Pet Food: What You Really Don’t Want In Their Bowl
You’ve recently made a trip to the grocery store as well as the pharmacists. Both times, when you picked up a food or beauty product, you made sure to read the ingredients lists. However, as you entered your home to be greeted by your four-legged furry best friend, the question stands: did you read the ingredients listed on the pet food before purchasing it?
If your answer is no, don’t freak out.
Before you lose it, wondering how it is that yet another aspect of your life needs to re-evaluated because of harmful ingredients, don’t stress. Like those of your skincare, makeup and recipes, we broke the ingredient system of pet food down for you and made sure you will know exactly what to look for.
Pet food is important and with so many different brands out there, it needs to become common practice for you to check the ingredients listed on their foods before buying. While there are plenty of foods out there that are great for your pet, you should opt for those that ensure the animal consumes a combination of proteins, fats, carbohydrates, fiber, vitamins, and minerals to meet their nutritional needs. However, many foods contain ingredients that are both toxic and dangerous. Some have even been listed as lethal for humans, which makes you wonder begs the question: why on earth would you feed it to an animal? Before you make your next trip to the pet store – be sure to become well-versed in the following ingredients so that you can assure that your pet-pal gets the absolute best.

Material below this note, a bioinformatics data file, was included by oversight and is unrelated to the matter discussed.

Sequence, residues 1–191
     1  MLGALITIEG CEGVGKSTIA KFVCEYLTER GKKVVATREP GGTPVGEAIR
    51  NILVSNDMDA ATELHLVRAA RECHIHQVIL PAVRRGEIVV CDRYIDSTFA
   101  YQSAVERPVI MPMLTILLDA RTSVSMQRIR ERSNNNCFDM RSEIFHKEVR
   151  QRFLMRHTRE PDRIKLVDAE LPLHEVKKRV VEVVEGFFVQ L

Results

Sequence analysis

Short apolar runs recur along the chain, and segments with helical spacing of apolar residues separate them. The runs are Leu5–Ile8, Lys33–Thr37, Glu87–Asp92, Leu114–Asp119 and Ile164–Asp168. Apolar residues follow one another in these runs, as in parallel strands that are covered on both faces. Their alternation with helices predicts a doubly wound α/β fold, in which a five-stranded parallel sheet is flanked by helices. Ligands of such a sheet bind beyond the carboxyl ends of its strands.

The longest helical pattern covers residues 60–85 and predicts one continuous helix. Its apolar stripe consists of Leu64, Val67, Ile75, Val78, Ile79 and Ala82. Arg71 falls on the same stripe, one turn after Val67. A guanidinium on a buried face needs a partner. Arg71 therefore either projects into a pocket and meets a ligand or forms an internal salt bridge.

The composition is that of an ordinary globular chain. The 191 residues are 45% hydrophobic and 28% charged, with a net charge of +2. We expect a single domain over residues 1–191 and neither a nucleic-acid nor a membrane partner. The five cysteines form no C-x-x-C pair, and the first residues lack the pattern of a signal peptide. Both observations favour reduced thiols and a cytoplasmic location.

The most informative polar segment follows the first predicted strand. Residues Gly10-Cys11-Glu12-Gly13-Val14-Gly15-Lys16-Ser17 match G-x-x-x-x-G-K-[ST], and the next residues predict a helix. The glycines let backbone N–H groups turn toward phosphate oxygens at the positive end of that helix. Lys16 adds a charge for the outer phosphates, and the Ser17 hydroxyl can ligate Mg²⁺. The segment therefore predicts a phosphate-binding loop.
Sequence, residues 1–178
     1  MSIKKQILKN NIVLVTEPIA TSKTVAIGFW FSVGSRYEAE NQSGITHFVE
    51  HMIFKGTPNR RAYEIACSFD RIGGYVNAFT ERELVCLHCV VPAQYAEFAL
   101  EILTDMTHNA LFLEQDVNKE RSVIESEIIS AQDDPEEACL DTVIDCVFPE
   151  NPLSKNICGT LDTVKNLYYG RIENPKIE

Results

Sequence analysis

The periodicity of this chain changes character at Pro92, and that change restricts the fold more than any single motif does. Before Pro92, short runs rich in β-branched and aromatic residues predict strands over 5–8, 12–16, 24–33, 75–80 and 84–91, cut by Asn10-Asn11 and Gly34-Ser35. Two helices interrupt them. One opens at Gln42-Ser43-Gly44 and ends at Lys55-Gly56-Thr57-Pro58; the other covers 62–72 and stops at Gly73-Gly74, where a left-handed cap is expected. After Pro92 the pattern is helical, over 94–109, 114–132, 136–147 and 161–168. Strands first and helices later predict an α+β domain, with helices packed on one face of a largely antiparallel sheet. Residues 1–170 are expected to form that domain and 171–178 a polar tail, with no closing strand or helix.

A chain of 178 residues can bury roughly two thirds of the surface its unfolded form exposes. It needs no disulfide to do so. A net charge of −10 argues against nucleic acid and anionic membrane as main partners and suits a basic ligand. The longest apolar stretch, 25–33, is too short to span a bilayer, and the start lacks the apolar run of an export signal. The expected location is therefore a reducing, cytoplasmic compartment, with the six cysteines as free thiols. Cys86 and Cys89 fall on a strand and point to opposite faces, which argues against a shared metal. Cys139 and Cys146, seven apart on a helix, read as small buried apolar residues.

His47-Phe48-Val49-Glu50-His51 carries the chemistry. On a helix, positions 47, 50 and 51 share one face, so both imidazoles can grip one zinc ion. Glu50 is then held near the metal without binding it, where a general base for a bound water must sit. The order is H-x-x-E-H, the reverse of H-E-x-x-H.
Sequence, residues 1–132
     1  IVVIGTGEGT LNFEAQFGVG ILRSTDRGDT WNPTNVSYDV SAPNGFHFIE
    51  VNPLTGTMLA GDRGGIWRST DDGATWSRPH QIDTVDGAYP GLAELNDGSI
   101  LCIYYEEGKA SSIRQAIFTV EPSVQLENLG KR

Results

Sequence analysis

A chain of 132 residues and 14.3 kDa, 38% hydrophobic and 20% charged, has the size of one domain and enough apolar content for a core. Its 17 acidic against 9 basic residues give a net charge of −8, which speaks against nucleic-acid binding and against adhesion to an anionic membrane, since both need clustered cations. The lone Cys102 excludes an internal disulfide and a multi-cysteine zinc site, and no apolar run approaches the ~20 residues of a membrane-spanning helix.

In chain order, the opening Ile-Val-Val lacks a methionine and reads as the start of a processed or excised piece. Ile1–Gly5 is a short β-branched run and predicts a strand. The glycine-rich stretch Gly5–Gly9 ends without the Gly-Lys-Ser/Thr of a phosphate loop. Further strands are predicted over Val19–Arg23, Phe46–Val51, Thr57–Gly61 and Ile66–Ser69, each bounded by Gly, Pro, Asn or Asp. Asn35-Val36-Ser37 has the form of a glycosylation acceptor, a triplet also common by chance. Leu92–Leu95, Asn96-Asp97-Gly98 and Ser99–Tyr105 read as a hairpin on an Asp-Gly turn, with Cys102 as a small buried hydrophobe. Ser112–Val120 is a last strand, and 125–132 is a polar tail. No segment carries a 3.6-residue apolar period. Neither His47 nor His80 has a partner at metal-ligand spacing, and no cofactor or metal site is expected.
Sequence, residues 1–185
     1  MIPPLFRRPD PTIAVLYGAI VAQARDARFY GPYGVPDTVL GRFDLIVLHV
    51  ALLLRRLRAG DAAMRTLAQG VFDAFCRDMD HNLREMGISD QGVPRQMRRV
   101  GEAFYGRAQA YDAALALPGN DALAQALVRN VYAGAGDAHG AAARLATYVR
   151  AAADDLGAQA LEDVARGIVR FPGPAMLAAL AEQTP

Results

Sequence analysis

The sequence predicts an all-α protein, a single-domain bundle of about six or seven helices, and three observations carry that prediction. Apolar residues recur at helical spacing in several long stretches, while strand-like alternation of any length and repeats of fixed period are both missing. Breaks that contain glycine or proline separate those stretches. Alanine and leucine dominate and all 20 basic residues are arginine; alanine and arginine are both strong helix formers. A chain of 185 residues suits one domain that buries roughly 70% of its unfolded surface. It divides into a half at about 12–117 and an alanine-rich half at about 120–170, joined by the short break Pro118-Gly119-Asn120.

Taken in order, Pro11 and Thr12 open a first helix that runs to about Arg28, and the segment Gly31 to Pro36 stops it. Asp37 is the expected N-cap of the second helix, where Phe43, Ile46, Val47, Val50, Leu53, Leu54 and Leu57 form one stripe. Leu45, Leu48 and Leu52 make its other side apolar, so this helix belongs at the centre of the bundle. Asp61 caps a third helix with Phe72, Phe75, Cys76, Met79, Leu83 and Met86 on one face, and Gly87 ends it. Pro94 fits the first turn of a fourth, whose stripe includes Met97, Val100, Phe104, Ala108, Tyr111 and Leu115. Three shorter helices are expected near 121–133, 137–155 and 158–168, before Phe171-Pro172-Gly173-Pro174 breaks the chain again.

Artificial colors or dyes are sometimes used in pet foods and some of them have been banned in animal food due to them being possible carcinogens. Colours red #40, blue #2, yellow #5, yellow #6 and caramel coloring have all been linked to hypersensitivity reactions as well as behavioral problems in humans. This then begs the question of why you would want to feed that to your cat?
If the list of aforementioned ingredients wasn’t enough, it turns out that food manufacturers regularly add food industry waste products to pet food. This is known as animal by-products.